Earlier this month, Mr. D’Souza challenged Mr. Nichol to a debate over his decision.

Mr. Holmes, who specializes in American religious history, will debate instead.


Two planes make emergency landings

Two planes with equipment problems landed safely yesterday at Washington Dulles International Airport.

United Express Flight 5663 from Portland, Maine, to Dulles landed about 5:30 p.m. after reporting a problem with its nose landing gear, officials with the Metropolitan Washington Airports Authority said. The plane landed without incident, and none of the more than 60 people on board was injured.

Delta Air Lines Flight 1833 from New York’s LaGuardia Airport to West Palm Beach, Fla., was diverted to Dulles because a landing-gear door did not close properly, Delta spokesman Anthony Black said. The plane with 97 passengers and five crew landed about 6:10 p.m. No one was hurt. Passengers were put on another plane and continued their trip.


Siblings survive crash of car into their room

A young brother and sister were OK last night after a car crashed into their bedroom early yesterday morning.

Police said Leodegario Rodriguez, 22, was driving home from Harrisonburg on U.S. 250 when he fell asleep about 2 a.m. His 2000 Ford Focus drifted off the road and landed in Garrett and Kylie Smith’s bedroom.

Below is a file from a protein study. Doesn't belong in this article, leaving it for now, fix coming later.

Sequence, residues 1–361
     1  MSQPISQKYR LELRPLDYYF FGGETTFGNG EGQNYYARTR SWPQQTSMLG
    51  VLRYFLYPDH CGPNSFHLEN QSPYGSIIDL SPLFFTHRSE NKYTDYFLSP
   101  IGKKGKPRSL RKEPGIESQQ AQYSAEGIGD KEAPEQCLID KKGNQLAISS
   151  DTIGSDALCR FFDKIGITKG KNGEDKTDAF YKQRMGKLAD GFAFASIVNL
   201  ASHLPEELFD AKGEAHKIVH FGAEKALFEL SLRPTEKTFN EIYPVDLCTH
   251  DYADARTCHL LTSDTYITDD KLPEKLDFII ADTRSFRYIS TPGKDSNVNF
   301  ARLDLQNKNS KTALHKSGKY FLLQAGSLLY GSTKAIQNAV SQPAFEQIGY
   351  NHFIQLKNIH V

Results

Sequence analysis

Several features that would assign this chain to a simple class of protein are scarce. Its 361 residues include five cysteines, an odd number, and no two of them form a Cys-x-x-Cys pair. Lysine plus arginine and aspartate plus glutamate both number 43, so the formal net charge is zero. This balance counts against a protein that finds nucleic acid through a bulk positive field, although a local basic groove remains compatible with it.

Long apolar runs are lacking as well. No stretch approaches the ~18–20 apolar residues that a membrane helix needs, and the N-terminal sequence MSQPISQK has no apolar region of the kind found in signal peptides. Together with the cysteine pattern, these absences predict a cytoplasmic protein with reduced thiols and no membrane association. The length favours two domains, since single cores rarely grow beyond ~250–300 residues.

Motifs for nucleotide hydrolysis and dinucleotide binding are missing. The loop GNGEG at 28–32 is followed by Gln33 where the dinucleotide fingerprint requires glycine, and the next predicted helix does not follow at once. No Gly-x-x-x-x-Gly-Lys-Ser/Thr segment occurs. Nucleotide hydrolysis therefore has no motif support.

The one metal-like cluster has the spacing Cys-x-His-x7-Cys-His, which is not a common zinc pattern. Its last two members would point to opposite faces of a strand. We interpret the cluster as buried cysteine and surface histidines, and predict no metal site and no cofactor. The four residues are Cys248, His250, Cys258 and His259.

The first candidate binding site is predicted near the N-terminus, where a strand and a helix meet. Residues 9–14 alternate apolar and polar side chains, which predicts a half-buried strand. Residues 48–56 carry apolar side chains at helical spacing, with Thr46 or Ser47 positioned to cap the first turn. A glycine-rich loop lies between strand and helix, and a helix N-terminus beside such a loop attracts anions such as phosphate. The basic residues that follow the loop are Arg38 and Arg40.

Garrett, 5, was taken to University of Virginia Medical Center. His sister Kylie, 3, was sleeping in another bed and escaped injury.

Mr. Rodriguez had minor scratches and bruises. No charges have been filed.

Speed and alcohol were not thought to be factors, state police said.


Hearings scheduled on schools takeover

D.C. Council Chairman Vincent C. Gray has announced a series of hearings to garner feedback on Mayor Adrian M. Fenty’s proposed takeover of the District’s public school system.

The council’s Committee of the Whole will hold hearings on six days, beginning Thursday when Mr. Fenty will publicly present legislation detailing his plans to council members.

Local and national education specialists will testify before the committee Jan. 30, while the general public can testify in hearings Feb. 7 and Feb. 10. The latter hearing will be devoted entirely to testimony from D.C. youths.

On Feb. 13, the council will hear testimony from D.C. education officials and representatives of other cities. Mr. Fenty will return to testify Feb. 27.

Witness slots for the public hearings will be first-come, first-served. Those wishing to testify should call 202/724-8196 on Jan. 31.

From wire dispatches and staff reports